|Date(s):||January 1, 1962 to December 31, 1970|
|Tag(s):||Rachel Carson, DDT, environmental movement, silent spring|
|Course:||“HIST 3550, American Environmental History,” Auburn University|
Since the introduction of chemicals, such as DDT and other pesticides, the environment had been slowly changing- becoming lifeless and quiet. However, until 1962, many Americans were not fully aware of the extent of the disaster and its cause. Across the United States the sky saw a depletion of birds, the waters flowed with fewer fish, and farmers saw blights as well as illness and death sweep across their livestock.
There may have been no one better fit for the job of alerting and motivating the public than Rachel Carson. She was, as Linda Lear wrote in Environmental History Review 17, " a scientist in love with the English language." Her 1962 book, Silent Spring, painted a picture of a once beautiful and vibrant land being slowly choked by chemicals that, as she wrote, "come from our laboratories in an endless stream." Her passionate argument that mankind's offensives to the environment needed to be halted, including the "contamination of air, earth, rivers, and sea with dangerous and even lethal materials," rang clear amongst some of both the United States' public as well as those abroad.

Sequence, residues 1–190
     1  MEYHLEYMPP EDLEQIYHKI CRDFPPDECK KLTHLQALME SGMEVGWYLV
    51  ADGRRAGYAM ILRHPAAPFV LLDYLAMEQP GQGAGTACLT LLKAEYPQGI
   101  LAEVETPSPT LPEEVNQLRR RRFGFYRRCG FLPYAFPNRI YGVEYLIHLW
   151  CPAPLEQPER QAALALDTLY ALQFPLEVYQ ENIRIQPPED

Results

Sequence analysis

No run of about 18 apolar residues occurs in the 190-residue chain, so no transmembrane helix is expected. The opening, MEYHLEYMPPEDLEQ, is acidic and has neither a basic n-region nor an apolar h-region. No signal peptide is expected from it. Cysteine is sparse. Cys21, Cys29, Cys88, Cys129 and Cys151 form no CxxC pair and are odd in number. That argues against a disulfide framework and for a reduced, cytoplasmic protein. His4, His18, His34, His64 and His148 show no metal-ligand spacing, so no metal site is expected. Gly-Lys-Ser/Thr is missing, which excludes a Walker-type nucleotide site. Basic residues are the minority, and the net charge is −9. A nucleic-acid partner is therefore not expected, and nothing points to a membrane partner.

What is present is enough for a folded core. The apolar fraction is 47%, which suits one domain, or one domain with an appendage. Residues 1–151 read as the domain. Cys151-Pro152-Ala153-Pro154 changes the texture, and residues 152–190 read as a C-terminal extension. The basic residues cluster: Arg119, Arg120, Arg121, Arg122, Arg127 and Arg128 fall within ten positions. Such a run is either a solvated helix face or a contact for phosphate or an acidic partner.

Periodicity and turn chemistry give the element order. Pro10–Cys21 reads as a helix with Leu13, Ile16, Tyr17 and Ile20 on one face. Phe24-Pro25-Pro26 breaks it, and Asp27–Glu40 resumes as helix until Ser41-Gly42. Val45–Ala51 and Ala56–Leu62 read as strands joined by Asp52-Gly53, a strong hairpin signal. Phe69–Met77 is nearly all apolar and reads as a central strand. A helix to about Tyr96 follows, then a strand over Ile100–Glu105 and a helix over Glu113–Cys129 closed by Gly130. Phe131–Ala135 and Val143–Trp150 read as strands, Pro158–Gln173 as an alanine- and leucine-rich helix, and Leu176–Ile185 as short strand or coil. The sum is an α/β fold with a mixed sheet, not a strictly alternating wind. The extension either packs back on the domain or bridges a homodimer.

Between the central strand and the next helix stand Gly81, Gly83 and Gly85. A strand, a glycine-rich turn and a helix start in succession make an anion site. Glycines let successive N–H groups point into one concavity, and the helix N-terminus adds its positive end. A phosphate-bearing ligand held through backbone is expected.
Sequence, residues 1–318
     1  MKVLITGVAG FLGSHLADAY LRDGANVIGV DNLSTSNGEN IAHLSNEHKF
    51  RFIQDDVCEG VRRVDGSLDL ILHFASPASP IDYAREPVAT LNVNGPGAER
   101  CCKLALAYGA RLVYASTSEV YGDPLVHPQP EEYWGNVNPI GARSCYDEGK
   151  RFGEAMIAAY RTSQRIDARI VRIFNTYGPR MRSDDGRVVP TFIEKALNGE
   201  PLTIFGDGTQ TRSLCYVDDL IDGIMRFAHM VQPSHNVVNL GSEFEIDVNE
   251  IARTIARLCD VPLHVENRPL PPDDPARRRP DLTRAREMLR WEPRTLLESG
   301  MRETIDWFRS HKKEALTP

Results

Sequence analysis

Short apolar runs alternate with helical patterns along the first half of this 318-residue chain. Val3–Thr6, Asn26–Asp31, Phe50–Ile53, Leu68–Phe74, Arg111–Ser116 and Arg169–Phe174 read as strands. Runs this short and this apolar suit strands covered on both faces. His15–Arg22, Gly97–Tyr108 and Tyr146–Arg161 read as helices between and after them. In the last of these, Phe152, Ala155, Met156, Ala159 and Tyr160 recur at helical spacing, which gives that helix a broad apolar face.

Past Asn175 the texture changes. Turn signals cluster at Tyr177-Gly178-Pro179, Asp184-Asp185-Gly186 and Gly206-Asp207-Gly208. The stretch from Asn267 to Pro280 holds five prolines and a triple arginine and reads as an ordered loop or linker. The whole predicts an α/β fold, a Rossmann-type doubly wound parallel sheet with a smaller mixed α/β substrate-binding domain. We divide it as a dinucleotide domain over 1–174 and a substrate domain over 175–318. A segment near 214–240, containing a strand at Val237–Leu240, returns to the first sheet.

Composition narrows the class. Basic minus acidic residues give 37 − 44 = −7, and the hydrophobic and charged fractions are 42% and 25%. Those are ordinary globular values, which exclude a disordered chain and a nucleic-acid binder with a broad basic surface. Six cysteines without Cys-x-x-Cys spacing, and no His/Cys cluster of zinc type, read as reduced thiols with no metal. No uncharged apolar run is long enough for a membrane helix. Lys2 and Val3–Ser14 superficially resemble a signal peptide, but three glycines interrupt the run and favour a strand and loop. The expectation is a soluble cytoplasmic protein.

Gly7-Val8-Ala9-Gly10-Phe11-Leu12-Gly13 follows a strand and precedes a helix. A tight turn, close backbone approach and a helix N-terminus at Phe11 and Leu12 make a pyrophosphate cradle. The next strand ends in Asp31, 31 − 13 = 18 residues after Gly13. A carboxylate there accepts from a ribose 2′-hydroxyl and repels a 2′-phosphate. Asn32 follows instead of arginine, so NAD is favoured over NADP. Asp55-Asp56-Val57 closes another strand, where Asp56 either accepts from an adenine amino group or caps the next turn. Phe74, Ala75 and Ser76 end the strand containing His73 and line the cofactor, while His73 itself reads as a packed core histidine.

Although some of the United States' public simply rolled their eyes at what they considered to be the emotional rants of an irrational woman, there is no denying that Rachel Carson played a vital role in the Modern Environmental Movement. Her book, as well as her calm and confident demenour following its publication, planted a sense of an urgent duty to protect the environment for future generations in the mind's of the American people- eventually leading to government policies that favored the environmental movement.